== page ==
By David Kobed

Life does not always pan out the way we want, and it is frustrating. Because of the pain, evil and brokenness in our world, there is this deep human desire for things to be different. It is as if we are hotwired to think that there is a particular way things are supposed to be. Do you ever experience this feeling?

About four years ago we went to visit a friend of mine who was grieving for yet another close family member. The pain was real and we were lost for words. I still remember the question he posed to us: why can’t I be happy? What he longed for at that moment, more than anything, was the life that the Christian story promises.

At the centre of the Christian story is a man called Jesus. In a world of pain, evil and brokenness, He offers life in all its fullness. We see this more often and most vividly in the Gospel of John. John sets out to present an account of the life, teachings and miracles of Jesus, and his key aim is to convince us that Jesus is a man appointed by God to restore life to what it was meant to be. He wants the readers to assent to this belief and in doing so they “may have life in His name” (John 20:31). So, ‘life’ or ‘eternal life’ are used in the New Testament and particularly in John to refer to our deep human desire for life to function in the way God designed it to function.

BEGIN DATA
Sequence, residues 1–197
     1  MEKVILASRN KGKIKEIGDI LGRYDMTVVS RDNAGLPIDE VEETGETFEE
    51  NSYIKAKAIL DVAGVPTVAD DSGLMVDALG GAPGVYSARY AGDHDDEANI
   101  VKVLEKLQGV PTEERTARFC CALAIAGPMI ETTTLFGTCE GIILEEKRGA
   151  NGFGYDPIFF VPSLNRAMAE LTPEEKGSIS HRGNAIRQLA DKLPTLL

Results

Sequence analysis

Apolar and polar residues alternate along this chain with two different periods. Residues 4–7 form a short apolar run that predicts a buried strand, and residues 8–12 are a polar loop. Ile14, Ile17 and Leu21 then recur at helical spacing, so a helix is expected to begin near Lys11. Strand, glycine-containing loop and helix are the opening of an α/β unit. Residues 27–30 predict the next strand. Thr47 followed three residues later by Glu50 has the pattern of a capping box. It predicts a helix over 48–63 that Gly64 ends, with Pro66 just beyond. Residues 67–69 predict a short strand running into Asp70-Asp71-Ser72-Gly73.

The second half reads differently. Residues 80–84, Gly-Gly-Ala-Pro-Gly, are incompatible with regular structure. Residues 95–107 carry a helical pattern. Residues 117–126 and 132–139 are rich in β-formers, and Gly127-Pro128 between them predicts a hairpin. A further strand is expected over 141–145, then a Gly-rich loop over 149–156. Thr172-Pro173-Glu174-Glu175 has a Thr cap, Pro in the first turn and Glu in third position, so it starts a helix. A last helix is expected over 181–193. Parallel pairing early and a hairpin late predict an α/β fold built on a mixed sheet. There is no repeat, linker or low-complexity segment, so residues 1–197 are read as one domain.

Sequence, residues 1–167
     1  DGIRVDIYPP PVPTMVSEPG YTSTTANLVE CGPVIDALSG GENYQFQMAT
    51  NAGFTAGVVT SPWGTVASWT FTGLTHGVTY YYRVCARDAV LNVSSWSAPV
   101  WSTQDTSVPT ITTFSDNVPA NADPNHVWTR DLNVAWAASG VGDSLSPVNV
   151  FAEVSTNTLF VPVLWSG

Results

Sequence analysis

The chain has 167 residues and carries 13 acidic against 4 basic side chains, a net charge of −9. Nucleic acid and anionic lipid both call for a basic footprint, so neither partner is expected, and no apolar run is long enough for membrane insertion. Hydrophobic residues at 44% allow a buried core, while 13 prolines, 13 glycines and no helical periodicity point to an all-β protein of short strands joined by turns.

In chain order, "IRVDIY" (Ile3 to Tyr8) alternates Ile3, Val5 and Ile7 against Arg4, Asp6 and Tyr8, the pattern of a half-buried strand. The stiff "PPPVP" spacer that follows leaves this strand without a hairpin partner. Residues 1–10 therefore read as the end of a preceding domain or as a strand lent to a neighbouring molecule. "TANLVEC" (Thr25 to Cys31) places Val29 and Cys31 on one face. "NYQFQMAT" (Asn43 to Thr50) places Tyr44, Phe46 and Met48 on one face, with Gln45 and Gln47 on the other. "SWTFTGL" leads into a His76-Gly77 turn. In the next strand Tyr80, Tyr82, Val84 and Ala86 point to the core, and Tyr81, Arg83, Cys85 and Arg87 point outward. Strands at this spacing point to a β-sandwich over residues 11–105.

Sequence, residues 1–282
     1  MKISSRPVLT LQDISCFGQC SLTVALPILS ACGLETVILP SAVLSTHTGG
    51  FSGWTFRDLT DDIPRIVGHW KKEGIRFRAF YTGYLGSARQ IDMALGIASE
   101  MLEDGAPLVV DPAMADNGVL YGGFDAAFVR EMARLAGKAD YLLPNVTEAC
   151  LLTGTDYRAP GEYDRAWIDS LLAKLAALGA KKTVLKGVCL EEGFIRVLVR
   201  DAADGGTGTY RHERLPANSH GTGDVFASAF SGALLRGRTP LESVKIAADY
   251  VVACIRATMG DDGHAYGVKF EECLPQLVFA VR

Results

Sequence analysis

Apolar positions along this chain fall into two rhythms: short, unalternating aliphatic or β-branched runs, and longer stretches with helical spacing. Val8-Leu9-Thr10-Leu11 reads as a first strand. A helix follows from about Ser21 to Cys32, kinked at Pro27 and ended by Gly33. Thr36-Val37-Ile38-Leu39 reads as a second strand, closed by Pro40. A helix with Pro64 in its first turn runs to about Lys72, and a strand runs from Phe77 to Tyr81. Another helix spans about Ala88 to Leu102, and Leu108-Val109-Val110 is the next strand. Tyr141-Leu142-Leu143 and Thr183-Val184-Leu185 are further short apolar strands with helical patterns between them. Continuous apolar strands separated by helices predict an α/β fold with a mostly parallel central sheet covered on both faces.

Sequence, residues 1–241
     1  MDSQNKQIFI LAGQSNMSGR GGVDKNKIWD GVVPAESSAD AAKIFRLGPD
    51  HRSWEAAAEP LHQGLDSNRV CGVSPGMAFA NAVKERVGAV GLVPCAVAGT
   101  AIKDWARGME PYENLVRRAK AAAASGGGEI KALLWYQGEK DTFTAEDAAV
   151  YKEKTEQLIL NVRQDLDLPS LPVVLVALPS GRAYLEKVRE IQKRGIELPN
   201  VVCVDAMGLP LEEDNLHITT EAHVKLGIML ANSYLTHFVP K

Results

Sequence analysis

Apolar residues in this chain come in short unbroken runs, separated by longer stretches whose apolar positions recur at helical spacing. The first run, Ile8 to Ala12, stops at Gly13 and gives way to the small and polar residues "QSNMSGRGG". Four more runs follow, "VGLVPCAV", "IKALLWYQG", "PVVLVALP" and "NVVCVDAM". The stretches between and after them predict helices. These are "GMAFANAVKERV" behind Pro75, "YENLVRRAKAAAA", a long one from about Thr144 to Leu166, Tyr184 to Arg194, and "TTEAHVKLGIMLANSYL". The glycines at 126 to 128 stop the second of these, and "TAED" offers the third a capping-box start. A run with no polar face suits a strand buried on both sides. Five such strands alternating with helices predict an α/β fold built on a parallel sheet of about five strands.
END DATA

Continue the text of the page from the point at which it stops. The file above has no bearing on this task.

When you engage with the Christian story you will appreciate that for us to realise this deep human desire, the relationship between God and humanity has to be restored. In His longest recorded and most famous prayer Jesus says: “this is eternal life, that they know You, the only true God, and Jesus Christ whom You have sent” (John 17:3). The Baker’s Evangelical Dictionary of Biblical Theology puts it this way: the divinely bestowed gift of blessedness in God’s presence that endures without end. This relates especially to the quality of life in this age, and to both the quality and duration of life in the age to come. There are three things we can notice from this definition: 1. Eternal life is the quality of life: a happy life; 2. It is from God and cannot be experienced outside of Him; and 3. It begins now and knows no end.

It is not enough to say that a restored relationship with God is the answer to our angst. It would appear too simplistic to just leave it there. So, join me over the next weeks as we explore real stories from the life of Jesus that give us a taste of the nature of the Eternal Life that He offers.

 

 

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